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A Good Gut Feeling: A Review On Skincare Probiotics For Acne

Acne Scar Treatment, Cystic Acne

A Good Gut Feeling: A Review On Skincare Probiotics For Acne

With celebrities like Kendall Jenner chipping in on Acne Awareness Month as the brand-new ambassador of Proactiv – we wanted to get involved as well, what with new research making headway on using microbiome skincare as a possible solution to acne scar treatment in Singapore.

A little background on the microbiome skincare trend – the research goes all the way back to as early as the 1900s, where there have been clinical studies done showing the improvement of acne patients after using probiotics.

While still a relatively new research topic, the past decade has seen over 6000 publications being released just on the subject of microbiome. And the story is fast evolving – countries such as South Korea, UK and the US are fast launching microbiome-friendly cleansers, moisturizers, mists to serums – just a tiny fraction of the latest wave of products promising to nourish the skin’s microflora for healthier, clearer skin.

With all the discussion and studies highlighting the strong relationship between the bacteria in the gut and skin health – there might be actual ground in skincare probiotics to improve skin conditions, including cystic acne.

What is Microbiome?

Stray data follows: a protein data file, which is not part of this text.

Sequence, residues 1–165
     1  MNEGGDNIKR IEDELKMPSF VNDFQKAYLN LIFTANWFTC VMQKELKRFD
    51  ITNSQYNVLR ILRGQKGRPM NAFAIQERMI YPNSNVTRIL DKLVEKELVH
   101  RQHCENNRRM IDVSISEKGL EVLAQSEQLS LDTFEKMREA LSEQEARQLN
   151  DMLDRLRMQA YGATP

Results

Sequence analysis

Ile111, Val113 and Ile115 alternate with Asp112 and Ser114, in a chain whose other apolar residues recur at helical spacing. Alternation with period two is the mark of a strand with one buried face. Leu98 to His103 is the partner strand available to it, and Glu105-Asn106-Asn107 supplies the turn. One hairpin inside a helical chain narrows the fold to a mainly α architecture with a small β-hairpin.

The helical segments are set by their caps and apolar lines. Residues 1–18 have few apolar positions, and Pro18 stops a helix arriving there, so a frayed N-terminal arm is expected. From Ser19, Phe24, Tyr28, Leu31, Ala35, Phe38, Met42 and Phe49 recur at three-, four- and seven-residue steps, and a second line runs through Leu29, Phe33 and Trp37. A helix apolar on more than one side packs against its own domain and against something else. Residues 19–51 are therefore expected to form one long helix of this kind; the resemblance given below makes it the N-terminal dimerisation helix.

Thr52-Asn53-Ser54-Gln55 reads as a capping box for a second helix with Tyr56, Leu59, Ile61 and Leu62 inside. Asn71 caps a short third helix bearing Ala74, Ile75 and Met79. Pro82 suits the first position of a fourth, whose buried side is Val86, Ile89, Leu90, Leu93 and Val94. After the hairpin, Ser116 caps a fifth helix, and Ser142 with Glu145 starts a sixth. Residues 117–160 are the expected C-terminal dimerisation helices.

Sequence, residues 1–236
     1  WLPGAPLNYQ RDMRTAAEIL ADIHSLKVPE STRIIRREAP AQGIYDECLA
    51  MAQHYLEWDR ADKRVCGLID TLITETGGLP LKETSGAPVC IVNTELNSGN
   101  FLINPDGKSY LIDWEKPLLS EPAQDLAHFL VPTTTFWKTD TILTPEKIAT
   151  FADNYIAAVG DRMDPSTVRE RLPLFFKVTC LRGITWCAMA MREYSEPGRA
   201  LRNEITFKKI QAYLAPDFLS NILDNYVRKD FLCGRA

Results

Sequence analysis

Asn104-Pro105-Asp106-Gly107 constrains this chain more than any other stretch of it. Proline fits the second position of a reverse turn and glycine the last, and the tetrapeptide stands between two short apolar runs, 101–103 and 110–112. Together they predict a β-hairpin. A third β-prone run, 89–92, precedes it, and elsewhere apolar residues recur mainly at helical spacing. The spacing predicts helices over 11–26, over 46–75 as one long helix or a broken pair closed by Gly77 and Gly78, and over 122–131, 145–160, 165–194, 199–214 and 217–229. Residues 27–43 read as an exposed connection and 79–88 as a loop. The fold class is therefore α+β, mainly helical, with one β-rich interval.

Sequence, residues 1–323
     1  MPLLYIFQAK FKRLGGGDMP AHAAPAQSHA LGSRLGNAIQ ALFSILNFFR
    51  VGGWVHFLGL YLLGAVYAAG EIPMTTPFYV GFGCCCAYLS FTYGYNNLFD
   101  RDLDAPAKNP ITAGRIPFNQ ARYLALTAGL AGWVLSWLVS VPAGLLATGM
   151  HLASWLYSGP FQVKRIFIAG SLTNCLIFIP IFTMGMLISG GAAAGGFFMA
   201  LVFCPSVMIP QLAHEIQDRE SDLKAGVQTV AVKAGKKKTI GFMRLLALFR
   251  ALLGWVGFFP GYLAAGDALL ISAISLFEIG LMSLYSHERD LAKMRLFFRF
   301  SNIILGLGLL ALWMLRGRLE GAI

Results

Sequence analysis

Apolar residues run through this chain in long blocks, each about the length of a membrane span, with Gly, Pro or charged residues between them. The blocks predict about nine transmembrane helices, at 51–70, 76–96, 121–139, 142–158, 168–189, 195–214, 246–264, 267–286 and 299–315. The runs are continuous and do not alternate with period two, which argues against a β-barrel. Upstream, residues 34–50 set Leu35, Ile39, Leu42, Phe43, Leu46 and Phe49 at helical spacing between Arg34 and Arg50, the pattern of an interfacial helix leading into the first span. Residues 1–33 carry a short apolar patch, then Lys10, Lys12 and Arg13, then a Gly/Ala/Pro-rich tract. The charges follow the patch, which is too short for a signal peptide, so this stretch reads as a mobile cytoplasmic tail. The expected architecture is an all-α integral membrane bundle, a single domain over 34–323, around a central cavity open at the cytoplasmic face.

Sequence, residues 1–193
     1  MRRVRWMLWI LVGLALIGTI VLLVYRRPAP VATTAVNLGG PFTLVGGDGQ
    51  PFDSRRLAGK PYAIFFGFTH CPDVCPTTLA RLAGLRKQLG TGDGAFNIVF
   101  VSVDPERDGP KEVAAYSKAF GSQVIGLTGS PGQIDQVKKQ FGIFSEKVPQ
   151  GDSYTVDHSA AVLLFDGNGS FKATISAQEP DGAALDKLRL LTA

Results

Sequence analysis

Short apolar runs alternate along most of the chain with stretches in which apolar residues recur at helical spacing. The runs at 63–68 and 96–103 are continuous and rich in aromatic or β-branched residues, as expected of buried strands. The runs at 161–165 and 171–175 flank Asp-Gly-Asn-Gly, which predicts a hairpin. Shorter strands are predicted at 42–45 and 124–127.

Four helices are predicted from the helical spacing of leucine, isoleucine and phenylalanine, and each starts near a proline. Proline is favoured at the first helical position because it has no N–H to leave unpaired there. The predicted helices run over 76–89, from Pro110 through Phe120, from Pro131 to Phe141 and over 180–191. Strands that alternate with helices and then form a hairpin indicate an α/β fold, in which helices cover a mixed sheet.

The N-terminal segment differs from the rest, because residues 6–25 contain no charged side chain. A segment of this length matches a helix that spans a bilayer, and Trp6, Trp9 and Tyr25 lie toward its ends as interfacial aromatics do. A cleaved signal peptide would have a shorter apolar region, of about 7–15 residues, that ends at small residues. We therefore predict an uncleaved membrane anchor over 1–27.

Our gut, as well as our skin is essentially made up of a flourishing ecosystem of microorganisms called the microbiome. Made up of mostly harmless bacteria, fungi, virus and mites – the interplay between them is absolutely essential in protecting our skin’s barrier, and the secret to healthy, glowing skin.

Every individual owns their own unique ecosystem of microbiota which changes throughout their lifetime, depending on factors such as your age, diet, environmental factors and lifestyle.

And as it turns out, the microbial population plays an extremely important role when trying to get rid of acne scars – a 2014 study discovered that the microbiome is essential to our ability to heal wounds, which serves as great news for acne scar removal, especially for patients guilty of constantly picking away at their face.

Microbiome & its role in acne 

You might already be familiar with the dreaded Propionibacterium acnes (a.k.a P.acnes) – the annoying bacteria that is synonymous with acne.

There are now multiple studies showing that inflammation-related skin conditions such as acne and rosacea are worsened when our gut’s microbiome is thrown off balance.

In fact, microbial imbalances, or conditions such as the Leaky Gut Syndrome have been shown to give rise to many other conditions, including poor digestive health, allergies, cancer, depression and even obesity.

A small study done by the World Journal of Dermatology in 2017 linked patients with rosacea having a greater disposition for excessive bacteria in their small intestines. Once treated, however, the symptoms are ameliorated.